enhancement of the effectiveness of choice of court agreements, which includes two modifications:

where the parties have designated a particular court or courts to resolve their dispute, the proposal gives priority to the chosen court to decide on its jurisdiction, regardless of whether it is first or second seised;

the proposal also introduces a harmonised conflict of law rule on the substantive validity of choice of court agreements, thus ensuring a similar outcome on this matter whatever the court seised;

improvement of the interface between the Regulation and arbitration;

improvement of access to justice for certain specific disputes;

clarification of the conditions under which provisional measures can circulate in the EU.

4.   General comments

4.1   The Committee warmly welcomes the Commission's proposal and supports the adoption of a recast version of Council Regulation 44/2001 on jurisdiction and the recognition and enforcement of judgments in civil and commercial matters (Brussels I).

4.2   The Commission proposal is clearly necessary to improve the operation of the area of freedom, security and justice and the internal market, which can only be promoted from supranational level. The initiative will also be a valuable legal tool in a globalised world: it will facilitate international commercial transactions and solve conflicts that arise in relations involving countries outside the EU.

4.2.1   It should be noted that all of the innovations contained in the legal mechanisms proposed, together with the clarification of some rules and principles in this area that already apply in the EU, stem from the experiences that cross-border lawyers, experts and competent bodies of the Member States have passed on publicly to the European Commission.

4.2.2   The principle of subsidiarity is taken into overall account: supranational action is justified given the fact that it is not in the power of Member States to modify unilaterally certain aspects of the existing Regulation Brussels I, such as the exequatur, and provisions on jurisdiction and coordination of legal proceedings between Member States, or between Member States and arbitration proceedings. Functional subsidiarity is also highlighted as an integral part of the principle of participative democracy which is set out in the TEU following the Lisbon Treaty. The Committee has already in the past supported many of the proposals now being made by the Commission (3).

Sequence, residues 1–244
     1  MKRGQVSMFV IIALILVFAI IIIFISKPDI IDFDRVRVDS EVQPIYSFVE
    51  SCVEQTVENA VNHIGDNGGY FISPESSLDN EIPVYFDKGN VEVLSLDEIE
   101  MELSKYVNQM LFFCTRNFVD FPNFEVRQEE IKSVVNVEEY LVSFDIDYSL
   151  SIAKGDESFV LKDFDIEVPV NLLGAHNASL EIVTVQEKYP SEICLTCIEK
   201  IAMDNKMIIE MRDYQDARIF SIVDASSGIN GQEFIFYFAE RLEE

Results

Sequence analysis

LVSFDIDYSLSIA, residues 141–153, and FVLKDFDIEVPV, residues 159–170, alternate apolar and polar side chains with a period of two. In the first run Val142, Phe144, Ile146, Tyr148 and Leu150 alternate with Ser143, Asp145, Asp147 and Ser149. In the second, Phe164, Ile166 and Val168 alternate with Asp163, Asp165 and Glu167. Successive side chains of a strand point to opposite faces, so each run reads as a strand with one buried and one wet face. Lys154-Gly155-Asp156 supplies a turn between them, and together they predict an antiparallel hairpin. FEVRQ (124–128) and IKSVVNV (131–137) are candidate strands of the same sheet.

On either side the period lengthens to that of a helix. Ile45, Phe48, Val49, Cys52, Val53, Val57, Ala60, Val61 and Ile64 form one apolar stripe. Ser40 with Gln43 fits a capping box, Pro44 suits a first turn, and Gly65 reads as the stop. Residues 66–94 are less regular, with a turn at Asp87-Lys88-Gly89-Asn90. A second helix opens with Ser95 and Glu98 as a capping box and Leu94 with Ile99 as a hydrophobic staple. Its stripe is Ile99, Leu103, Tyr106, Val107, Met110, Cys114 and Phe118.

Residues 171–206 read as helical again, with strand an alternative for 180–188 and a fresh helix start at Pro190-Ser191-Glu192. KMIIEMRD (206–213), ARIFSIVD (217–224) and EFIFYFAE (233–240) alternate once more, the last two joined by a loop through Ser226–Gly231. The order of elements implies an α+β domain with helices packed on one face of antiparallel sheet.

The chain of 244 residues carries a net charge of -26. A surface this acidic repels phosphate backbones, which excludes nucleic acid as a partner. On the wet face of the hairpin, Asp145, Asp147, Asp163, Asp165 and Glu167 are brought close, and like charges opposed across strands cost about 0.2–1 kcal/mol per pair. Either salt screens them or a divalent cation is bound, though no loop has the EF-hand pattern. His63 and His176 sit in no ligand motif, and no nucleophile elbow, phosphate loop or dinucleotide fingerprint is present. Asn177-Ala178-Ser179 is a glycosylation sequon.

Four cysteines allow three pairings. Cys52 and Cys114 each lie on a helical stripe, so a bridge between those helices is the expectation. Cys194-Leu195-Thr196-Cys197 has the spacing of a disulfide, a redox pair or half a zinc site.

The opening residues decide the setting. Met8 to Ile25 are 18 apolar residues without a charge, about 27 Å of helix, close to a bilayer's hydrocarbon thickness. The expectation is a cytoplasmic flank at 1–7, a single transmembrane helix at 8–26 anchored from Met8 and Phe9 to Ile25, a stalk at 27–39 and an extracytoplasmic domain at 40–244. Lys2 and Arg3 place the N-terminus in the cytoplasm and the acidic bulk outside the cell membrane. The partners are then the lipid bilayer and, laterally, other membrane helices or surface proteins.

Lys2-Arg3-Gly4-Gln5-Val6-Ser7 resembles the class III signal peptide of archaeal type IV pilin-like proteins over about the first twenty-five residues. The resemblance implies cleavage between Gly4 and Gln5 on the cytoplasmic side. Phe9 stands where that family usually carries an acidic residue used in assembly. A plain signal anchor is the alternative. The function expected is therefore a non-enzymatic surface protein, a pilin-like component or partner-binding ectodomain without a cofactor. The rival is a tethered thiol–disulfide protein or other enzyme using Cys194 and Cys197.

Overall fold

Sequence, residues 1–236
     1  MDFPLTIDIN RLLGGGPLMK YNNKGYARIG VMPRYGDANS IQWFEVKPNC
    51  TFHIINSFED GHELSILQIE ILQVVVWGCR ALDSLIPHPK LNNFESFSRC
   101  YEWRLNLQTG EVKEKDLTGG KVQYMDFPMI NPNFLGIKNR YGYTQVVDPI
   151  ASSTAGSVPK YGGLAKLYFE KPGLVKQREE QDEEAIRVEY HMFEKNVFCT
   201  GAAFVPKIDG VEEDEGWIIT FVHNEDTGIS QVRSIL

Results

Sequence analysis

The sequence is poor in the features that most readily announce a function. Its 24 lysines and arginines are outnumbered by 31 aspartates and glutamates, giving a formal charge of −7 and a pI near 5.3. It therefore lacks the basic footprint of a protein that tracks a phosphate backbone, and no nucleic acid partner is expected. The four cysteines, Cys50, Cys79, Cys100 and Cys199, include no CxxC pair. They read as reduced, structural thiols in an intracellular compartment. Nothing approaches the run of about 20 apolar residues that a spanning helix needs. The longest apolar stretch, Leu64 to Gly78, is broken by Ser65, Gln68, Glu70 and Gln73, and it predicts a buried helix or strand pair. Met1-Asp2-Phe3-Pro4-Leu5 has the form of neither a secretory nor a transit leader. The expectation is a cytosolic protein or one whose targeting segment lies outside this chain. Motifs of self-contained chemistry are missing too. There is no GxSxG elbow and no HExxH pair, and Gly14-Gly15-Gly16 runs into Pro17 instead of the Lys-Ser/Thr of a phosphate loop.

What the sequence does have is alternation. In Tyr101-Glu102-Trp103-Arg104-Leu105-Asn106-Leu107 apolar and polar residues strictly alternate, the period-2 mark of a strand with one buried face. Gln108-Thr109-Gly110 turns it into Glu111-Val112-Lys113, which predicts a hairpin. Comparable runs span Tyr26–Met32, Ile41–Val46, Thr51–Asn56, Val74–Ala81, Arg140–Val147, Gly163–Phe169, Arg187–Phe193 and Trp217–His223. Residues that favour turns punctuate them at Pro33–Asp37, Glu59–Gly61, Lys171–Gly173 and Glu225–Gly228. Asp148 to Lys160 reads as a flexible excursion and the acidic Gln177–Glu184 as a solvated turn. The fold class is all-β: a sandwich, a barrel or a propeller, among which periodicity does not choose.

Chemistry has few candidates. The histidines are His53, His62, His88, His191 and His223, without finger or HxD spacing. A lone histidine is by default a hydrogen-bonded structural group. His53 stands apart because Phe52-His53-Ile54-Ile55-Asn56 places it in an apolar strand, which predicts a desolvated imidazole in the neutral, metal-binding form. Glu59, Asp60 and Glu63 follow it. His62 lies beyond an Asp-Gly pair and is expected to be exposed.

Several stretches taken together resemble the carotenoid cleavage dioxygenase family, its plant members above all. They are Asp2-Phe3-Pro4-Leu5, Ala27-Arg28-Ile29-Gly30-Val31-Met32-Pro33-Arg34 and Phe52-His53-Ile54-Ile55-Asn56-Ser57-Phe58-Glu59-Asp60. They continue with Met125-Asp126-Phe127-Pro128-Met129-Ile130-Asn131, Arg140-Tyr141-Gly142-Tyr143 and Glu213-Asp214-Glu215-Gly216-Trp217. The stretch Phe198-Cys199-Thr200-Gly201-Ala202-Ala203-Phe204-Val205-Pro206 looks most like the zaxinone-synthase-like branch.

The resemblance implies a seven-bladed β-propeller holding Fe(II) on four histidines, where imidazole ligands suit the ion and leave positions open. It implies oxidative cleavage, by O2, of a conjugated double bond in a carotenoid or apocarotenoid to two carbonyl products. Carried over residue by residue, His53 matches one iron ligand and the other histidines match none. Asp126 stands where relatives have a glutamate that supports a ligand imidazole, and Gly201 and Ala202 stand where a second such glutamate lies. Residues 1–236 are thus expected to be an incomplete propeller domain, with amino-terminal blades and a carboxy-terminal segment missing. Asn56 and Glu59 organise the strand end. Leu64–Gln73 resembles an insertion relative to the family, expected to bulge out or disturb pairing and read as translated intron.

4.3   The proposal is realistic, well thought-through and flexible in the way in which it recommends technical solutions to problems encountered while the Brussels I Regulation has been in force. To summarise, these solutions are: abolition of the exequatur with the exception of judgments in defamation cases and judgments given in collective compensatory proceedings; extension of the regulation to disputes involving third country defendants; enhancement of the effectiveness of choice of court agreements; improvement of the interface between the Regulation and arbitration; classification of the conditions under which provisional and protective measures issued by a court in a Member State can apply in other Member States; and in brief, improvement of access to justice and the functioning of certain pending procedures in national courts.

4.3.1   There is no substantial reason for the proposal to exclude collective proceedings when abolishing the exequatur, and so the wording of Article 37 is unsatisfactory. The Committee has already, on a number of occasions, supported supranational regulation of collective proceedings. The Commission should consider amending Article 6 of Regulation 44/2001 in order to allow actions brought by different claimants to be dealt with collectively, providing that the grounds for their cases are so closely linked that it is appropriate to process and pronounce judgment on them at the same time, so as to avoid decisions which could be incompatible if cases were dealt with separately.

4.3.2   As regards exclusion of defamation, in actual fact the scope of Article 37(3)(a) is broader, encompassing judgments given in another Member State concerning non-contractual obligations arising out of violations of privacy and rights relating to personality. The Commission should give thought to the extent of this exception and the possibility of curtailing it, so that common aspects of people's daily lives are not excluded.

4.3.3   To flesh out the debate on the changes which need to be made on the legal procedures and mechanisms dealt with in the proposal, the Committee would like to make the following points for the Commission to consider.

4.3.4   Article 58(3) of the recast version of the Regulation establishes that the competent court shall give its decision ‘without delay’ on appeals against a decision on objections to an application for a declaration of enforceability of a judgment. The maximum duration should be more precise, in order to avoid unjustified delays or delays which would be damaging for parties involved.

4.3.5   A deadline could therefore be set: either the 90-day deadline established in Article 58(2) for decisions on appeals contesting a declaration of enforceability, or a deadline between the six weeks provided for in Article 11(3) of Regulation 2201/2003 (on jurisdiction and the recognition and enforcement of judgments in matrimonial matters and in matters of parental responsibility) and the 90 day deadline.

4.3.6   Similarly, the new mechanism for legal cooperation (established in Article 31 of the recast version of the Regulation) could be redrafted to strengthen the role of the court with jurisdiction on the substance and guard against potential actions in bad faith that could delay the resolution of the dispute.